The Glenwood power plant has long been a favorite place for us to visit. Abandoned since the 1960s, these massive buildings have deteriorated significantly over the decades.
Built between 1904 and 1906, this large power plant was built to power the electrification of the adjacent New York Central 'hudson line' - powering electrified trains which replaced steam locomotives and enabled the expansion of Grand Central Terminal. These tracks still pass directly to the east of the power plant, serving Metro North's present day Hudson line, along with Amtrak trains to Penn Station and CSX freight trains to and from Oak Point in the Bronx (connecting all Long Island). For the last 15 years, there have been nothing but rumors of redevelopment soon to take place here, though never any signs of it actually happening beyond a lot of talk and ugly proposals for 'adaptive reuse' which suggested basically dropping a glass tower on top of the existing brick buildings.
It had been perhaps 2 or 3 years since i dropped by Glenwood. I had heard rumors that the property was being cleaned up, so I figured I should go take a look for myself. Sure enough all of the decades of overgrown was stripped back, with the ground surrounding the buildings cleared. Part of the old freight trestle were loads of coal were delivered had now been removed.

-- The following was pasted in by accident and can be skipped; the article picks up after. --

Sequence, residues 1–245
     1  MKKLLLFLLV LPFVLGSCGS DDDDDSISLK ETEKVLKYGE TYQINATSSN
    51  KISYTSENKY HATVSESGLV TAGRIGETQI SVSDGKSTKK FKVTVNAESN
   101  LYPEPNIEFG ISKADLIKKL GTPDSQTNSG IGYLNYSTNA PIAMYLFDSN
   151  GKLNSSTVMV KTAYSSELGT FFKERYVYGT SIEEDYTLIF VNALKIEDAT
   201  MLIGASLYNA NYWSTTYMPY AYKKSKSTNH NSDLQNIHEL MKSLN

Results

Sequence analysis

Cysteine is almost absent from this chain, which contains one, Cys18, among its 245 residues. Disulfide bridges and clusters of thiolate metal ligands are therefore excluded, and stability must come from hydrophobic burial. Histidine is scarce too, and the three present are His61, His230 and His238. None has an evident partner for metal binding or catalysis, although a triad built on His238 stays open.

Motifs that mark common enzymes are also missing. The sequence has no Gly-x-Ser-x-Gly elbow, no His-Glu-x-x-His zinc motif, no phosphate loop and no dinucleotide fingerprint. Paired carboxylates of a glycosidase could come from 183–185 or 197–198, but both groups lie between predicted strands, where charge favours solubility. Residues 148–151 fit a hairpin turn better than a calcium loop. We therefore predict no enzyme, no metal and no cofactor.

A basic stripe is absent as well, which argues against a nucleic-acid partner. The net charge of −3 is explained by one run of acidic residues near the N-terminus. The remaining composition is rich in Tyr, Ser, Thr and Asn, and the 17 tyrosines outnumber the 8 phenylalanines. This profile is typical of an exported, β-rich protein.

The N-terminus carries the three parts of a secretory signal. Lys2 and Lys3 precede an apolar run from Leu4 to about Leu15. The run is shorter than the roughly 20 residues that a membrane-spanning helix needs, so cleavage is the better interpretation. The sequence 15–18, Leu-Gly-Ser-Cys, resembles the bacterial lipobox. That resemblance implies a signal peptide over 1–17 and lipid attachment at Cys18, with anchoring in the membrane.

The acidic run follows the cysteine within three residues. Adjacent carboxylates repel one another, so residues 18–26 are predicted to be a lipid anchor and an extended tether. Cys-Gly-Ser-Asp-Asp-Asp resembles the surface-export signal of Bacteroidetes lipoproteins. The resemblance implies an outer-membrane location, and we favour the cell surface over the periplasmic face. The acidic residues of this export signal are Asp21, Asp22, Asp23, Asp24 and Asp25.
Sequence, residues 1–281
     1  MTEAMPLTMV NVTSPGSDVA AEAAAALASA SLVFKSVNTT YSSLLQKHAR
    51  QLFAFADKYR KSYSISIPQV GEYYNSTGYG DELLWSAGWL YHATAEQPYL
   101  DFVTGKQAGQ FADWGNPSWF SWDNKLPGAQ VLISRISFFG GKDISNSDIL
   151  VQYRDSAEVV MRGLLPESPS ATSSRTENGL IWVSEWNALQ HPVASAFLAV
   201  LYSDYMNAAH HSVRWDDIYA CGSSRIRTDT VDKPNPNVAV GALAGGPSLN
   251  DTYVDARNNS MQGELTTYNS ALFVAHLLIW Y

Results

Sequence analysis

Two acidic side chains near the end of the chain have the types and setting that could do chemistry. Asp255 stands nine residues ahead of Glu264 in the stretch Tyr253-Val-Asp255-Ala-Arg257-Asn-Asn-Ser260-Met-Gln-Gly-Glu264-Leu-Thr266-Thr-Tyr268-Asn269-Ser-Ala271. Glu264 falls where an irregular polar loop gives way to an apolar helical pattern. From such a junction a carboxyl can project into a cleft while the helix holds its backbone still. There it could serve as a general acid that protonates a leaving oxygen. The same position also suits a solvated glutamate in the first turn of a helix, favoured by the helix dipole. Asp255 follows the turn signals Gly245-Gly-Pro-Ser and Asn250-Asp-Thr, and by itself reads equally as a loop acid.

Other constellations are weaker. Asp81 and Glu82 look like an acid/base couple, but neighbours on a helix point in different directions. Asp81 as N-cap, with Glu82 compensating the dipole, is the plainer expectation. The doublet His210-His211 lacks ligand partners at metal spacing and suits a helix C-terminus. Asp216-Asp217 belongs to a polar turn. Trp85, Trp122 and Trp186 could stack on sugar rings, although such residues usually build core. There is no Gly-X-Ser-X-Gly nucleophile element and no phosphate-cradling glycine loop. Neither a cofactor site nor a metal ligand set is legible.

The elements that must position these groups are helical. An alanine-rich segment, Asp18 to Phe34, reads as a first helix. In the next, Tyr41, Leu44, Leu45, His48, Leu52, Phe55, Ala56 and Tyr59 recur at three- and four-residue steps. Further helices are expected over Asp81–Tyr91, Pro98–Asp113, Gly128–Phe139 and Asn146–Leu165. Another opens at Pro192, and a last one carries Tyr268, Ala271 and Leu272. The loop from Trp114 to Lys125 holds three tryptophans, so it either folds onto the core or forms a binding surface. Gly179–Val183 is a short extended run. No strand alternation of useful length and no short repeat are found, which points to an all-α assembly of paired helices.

This all seems to be in preparation for a slightly less ambitious plan than those that have come before it. To quote a recent article on the matter...
"Under the ambitious design, the site’s southernmost building would be transformed into a hotel with guest rooms lining the upper floors and overlooking an atrium with a restaurant and a reception area. Adjacent to that, the cavernous “turbine hall” would become a convention center with shops and a possible health spa.
The project would preserve all of the site’s existing buildings, but would add two floors to the current “switch house,” a narrow structure at the northern end of the site to be converted into a “corporate retreat” area with a ballroom and a more “intimate” hotel.
The open-air courtyard would become a “seasonal garden” with a cafe and a glass roof."
We will see if any of this actually happens. Cleaning up the cruff around the buildings is a pretty start but it's going to take far more work to do anything productive with this space, as the photos above show.